Keeping It Clean: How to Properly Wash Your Hands

Scott® Brand


5 minutes



Thank you, Ignaz Semmelweis for keeping it clean.


Some call the 19th century Hungarian doctor the Father of Handwashing (well, not many do, but certainly those in the know). That’s because, before his observational research in the 1840s revealed that doctors with dirty hands were a cause for the high death rate among mothers who had just given birth, people were unaware that hand cleanliness could protect us from germs and disease.


As a result, people have been encouraged to wash their hands regularly ever since – a common practice that took on heightened importance during the early months of the COVID-19 crisis. Ignaz was a fan of disinfecting hands with a chlorinated lime solution, although that may be a bit extreme for everyday circumstances. But if you think a quick rinse and a brisk air-shake is all you need to keep germs away, think again.


The truth is many of us are insufficient hand-washers. While a 2021 survey found that 63% of Americans follow guidance from the Centers of Disease Control and Prevention (CDC) and wash for about 21 seconds each time, plenty of folks – 17%, to be exact – say they only spend five to 10 seconds washing up.


And while the same survey revealed that 86% of Americans wash their hands after using a public restroom, that means 14% aren’t doing so. Eww! Why isn’t it 100%?


Anyway, it’s a medical fact that vigorous hand washing – with soap and water – is the best way to reduce the spread of germs and other microorganisms that can cause disease and illness, including COVID-19. So, we need to do it right.

A boy and girls washing their hands under sinks

The 5 Must-Do Hand Washing Steps (and Drying, Too)

Hand washing is a pretty simple process. But we’re often in a hurry and miss out on – or hasten through – key steps. Take your time; do it right. Here’s how:

  • Step 1 – Get ‘em wet. Run your hands under clean, running water; it can be hot or cold.
  • Step 2 – Turn off the tap and apply soap. Lather up, by rubbing your hands together; that includes the back of your hands, in between your fingers and under your fingernails.
  • Step 3 – Scrub thoroughly for at least 20 seconds. How long is 20 seconds? It’s the length of time it takes to sing “Happy Birthday.” (And to liven things up, here’s an – admittedly, odd – rendition of the tune with customized hand-washing lyrics!). Timely choruses from other songs that seem pertinent include “So Fresh, So Clean” by OutKast and “Oops...I did It Again” by Britney Spears. Here’s a handwashing playlist; yes, there’s a playlist for everything.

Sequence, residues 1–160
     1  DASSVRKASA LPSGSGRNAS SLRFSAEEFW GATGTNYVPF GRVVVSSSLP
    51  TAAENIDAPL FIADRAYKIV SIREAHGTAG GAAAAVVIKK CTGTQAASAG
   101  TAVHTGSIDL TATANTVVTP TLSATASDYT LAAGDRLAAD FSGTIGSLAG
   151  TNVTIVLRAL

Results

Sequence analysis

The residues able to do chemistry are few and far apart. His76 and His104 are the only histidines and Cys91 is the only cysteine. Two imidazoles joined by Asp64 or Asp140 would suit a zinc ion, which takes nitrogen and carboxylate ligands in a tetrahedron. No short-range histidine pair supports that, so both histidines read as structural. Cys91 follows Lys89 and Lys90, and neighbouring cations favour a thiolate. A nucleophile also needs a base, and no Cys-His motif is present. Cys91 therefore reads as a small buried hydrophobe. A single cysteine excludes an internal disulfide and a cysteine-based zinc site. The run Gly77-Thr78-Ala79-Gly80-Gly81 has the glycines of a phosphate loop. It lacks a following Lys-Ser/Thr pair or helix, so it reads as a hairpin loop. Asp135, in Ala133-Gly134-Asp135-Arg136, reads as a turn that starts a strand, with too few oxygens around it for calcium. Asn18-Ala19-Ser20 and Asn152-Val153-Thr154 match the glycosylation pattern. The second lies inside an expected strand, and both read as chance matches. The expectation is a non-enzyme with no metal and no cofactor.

• Step 4 – Rinse. Be thorough here, too, to get all that lathery residue off your hands, fingers, and nails.
  • Step 5 – Dry. Use a clean towel – such as a single-use Scott Paper Towel – or air dry.


No Access to Water for Hand Washing? Try Hand Sanitizer

Using soap and water is the best way to rid your hands of germs and other disease-causing gunk. But in a pinch, hand sanitizer is a better-than-nothing option – just as long as it’s alcohol-based and contains at least 60% alcohol. Check the label if you’re not sure.

The process is similar to that of soap and water:

  • Squirt a dollop into your palm.
  • Rub your hands together, coating the palms, back and fingers of your hands.
  • Rub for 20 seconds (with or without the help of an aforementioned song).

When not in use, make sure to store your hand sanitizer in a cool, safe place that is out of reach of your kids. Keep an eye on the expiration date on the label and dispose of any hand sanitizer that has expired.

Man helping little boy wash his hands under a sink

When and How Often Should You Wash Your Hands?

The CDC notes several activities that should prompt immediate and thorough handwashing, including before and after the following:

  • Preparing food
  • Eating food
  • Taking care of someone who is vomiting or has diarrhea
  • Treating a cut or wound
  • Using the toilet
  • Changing diapers or cleaning up a child who has used the toilet
  • Blowing your nose, coughing or sneezing
  • Touching a pet or other animal, including animal waste
  • Touching garbage


How often do you wash your hands? How do you get your children to do so? Please share your hand-washing insights and tips, via social media channels. Remember to use the tag #KeepLifeRolling.


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